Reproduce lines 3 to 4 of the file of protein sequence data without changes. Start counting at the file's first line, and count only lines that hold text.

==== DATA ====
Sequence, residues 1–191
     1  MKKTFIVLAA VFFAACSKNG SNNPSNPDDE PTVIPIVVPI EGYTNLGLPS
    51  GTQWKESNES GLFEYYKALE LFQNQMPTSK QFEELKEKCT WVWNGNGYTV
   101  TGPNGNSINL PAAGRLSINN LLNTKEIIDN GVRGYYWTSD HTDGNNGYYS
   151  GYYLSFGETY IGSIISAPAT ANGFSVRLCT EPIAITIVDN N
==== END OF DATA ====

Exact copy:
    51  GTQWKESNES GLFEYYKALE LFQNQMPTSK QFEELKEKCT WVWNGNGYTV
   101  TGPNGNSINL PAAGRLSINN LLNTKEIIDN GVRGYYWTSD HTDGNNGYYS